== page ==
Taking you on a Journey

When I was in elementary school the therapists and teachers were convinced I was functioning at an infantile level.  It was painful to hear what they were presuming about me. I was so sad that none of them tried to give me a way to communicate with them. It was my movements and my vision problems that made any tests they conducted to determine my intellect a ridiculous joke. I am considered profoundly retarded for their purposes. It is an offensive title for any human being, let alone someone who just has a movement and speaking challenge. Can you imagine having people believe you are so ignornat that they don’t give you a chance?

I will not alway be this serious folks. Sometimes I’m very funny!

Come back soon.

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7 Responses so far »

  1. 1

    Sarah said,

    I can kind of image…but not really.
    You see I was a teacher and therapist to some students (past jobs). Now I am a mom just trying to figure out how my kids are wired and there are no “labels” attached to them….at least not yet. I always hoped that I was/am reading them “right”…and I have never really liked “those tests” that I saw in the school system because they left so much info off.
    So, I just want you to know that I am learning so much from you!!!! Keep on talkin’ lady….serious, funny, and anything else.

  2. 2

    montucky said,

    Karly, I’m glad you are writing these things. There are folks out there who need to see your thoughts and gain an understanding of your type of situation. I am interested in your thoughts and will visit your blog often!

  3. 3

    AK_Adventurer said,

    I am so glad that you are able to communicate your thoughts this way, Karly. Your blog posts are so insightful, and I really look forward to reading them…whether they are serious or funny. 🙂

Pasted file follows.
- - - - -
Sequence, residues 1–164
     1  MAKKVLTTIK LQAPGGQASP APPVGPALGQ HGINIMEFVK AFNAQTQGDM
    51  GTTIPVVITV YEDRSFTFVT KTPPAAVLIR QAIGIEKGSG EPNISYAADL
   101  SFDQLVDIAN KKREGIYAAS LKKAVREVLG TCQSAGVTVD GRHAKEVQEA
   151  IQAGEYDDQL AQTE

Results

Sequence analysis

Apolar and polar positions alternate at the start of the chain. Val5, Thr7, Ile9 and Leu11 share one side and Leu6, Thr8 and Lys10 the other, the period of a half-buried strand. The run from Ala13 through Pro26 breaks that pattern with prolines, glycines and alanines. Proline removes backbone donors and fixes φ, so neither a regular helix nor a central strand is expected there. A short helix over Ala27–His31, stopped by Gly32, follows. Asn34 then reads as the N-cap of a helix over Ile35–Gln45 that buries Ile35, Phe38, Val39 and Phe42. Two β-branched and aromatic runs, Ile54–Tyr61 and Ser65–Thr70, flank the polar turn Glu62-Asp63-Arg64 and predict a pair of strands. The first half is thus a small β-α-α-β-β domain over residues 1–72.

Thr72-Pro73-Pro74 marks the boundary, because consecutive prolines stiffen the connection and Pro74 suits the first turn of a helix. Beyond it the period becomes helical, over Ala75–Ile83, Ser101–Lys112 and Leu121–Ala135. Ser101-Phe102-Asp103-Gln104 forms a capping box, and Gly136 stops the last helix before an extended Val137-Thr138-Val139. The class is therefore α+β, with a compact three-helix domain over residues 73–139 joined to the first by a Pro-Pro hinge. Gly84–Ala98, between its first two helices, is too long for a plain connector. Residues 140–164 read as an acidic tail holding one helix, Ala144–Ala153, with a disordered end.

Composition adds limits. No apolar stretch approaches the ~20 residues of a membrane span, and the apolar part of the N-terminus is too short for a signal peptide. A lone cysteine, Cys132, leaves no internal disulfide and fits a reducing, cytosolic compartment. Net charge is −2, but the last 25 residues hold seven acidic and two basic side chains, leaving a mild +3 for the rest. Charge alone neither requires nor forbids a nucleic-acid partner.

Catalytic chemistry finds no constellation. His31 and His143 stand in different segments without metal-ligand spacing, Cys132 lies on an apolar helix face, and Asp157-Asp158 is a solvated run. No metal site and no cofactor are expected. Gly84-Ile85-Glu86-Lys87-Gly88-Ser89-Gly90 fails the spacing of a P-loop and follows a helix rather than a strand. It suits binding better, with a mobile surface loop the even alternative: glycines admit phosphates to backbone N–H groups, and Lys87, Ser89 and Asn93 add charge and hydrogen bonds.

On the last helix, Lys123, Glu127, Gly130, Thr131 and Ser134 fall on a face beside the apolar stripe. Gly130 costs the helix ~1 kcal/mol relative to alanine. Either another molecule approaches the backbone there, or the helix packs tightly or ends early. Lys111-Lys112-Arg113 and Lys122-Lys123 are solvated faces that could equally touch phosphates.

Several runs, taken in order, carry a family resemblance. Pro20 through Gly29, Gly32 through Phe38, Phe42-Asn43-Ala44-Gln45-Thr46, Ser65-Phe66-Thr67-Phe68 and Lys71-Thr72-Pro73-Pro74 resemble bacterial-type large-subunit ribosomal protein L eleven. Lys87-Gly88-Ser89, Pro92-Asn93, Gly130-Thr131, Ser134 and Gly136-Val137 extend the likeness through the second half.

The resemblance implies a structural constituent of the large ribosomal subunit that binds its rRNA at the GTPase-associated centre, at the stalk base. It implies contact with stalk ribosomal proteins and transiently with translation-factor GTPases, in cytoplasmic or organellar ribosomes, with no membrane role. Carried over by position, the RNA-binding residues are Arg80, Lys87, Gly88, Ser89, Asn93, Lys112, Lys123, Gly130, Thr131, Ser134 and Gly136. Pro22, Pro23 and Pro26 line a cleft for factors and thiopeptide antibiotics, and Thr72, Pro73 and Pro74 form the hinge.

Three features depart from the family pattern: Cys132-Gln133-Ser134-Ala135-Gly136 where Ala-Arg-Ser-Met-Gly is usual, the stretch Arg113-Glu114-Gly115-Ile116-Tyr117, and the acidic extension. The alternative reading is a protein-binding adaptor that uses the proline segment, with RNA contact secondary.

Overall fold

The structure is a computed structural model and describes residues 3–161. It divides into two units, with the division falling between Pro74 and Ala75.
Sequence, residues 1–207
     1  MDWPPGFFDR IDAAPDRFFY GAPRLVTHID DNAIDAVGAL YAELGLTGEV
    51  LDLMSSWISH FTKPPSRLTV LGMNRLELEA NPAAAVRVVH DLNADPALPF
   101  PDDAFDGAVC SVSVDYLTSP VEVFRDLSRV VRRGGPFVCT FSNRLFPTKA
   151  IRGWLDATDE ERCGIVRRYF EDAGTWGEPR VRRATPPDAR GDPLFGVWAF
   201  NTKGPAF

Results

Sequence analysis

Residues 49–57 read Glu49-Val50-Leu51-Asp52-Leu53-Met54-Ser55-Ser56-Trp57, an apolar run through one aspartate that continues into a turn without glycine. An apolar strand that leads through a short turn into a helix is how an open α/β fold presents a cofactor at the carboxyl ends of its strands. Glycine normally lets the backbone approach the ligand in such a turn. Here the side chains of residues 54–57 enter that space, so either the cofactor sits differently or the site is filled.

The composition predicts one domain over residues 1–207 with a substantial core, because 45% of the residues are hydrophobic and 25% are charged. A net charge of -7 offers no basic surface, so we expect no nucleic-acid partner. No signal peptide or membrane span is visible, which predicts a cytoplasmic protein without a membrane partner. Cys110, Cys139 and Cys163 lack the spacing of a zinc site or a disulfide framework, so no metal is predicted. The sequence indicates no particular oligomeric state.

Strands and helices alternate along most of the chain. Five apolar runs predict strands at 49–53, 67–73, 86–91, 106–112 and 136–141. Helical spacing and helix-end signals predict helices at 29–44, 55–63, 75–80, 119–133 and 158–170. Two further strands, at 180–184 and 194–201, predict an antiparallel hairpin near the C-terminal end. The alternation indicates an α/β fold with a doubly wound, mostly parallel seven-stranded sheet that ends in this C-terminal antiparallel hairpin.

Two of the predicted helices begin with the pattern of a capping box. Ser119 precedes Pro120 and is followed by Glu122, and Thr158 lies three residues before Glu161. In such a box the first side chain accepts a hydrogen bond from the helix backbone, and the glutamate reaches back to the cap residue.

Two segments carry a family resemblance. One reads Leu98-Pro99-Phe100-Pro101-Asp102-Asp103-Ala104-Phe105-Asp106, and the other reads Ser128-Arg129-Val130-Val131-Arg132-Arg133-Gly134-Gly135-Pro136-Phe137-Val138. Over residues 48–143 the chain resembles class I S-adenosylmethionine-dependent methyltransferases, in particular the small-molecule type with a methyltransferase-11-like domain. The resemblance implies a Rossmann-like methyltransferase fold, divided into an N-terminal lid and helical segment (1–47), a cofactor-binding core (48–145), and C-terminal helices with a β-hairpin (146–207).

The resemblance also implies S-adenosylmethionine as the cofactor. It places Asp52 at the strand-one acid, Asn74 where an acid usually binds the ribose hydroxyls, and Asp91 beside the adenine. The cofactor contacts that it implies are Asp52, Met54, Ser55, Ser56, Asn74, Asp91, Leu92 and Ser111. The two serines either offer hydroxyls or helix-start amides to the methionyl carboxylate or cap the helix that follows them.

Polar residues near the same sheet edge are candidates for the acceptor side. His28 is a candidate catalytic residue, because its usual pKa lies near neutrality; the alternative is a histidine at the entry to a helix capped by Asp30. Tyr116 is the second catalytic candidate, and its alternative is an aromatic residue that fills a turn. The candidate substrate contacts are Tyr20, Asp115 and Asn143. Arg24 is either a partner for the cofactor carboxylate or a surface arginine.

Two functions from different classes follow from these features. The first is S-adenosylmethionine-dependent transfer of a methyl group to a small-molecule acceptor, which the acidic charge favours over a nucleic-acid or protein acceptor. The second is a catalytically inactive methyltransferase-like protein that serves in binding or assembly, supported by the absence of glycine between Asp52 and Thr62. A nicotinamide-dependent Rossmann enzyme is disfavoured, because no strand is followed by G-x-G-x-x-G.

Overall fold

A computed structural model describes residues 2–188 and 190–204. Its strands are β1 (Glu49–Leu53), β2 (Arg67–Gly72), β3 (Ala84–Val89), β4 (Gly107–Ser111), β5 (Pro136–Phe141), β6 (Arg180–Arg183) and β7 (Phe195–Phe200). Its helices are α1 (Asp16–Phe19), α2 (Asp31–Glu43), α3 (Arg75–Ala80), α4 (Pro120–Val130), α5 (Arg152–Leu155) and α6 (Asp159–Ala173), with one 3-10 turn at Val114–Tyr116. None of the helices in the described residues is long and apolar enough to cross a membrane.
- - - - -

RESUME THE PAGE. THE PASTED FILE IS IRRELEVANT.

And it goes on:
4. 4

    Sandy said,

    How incredibly frustrating that must of been!! I am so glad that your family always believed in you and helped you find ways to communicate! Keep talking, we want to hear it all!!!!!

  5. 5

    Rebecca said,

    Karly, Thank you for taking us into the mind of a person with Rett Syndrome. I will continue to check in and I would like to link your website so that my family and friends can hear your uplifting stories. My own daughter is 4 1/2 now and was diagnosed with Rett Syndrome at 2 1/2. Please tell us more about your ability to type, and what sort of communication devices you started out with. Thanks again for sharing your story.

    -Rebecca

  6. 6

    Kelly said,

    I LOVE your blog!!
    Thank you for speaking for our girls. I look forward to my daughter’s future in communication despite having Rett Syndrome!

  7. 7

    Lisa said,

    Karly, I just found your blog and I’m so thrilled. I’m a special needs teacher and one of my students has Rett Syndrome. My heart broke to read your post. Like you, my student is so very intelligent. It’s difficult for her to show us what she knows, wants or feels, but I can see it in her eyes and in her expressions. She’s got a wonderful sense of humor, and I just know that if she were able to communicate effectively, she would amaze everyone. She loves music and enjoys it all the way to her soul. When school starts in a week or so, I’d like show her your blog. I think it would be so encouraging for her to see and learn about someone who shares the same experiences as she does. Thank you for being such a positive voice for other girls.


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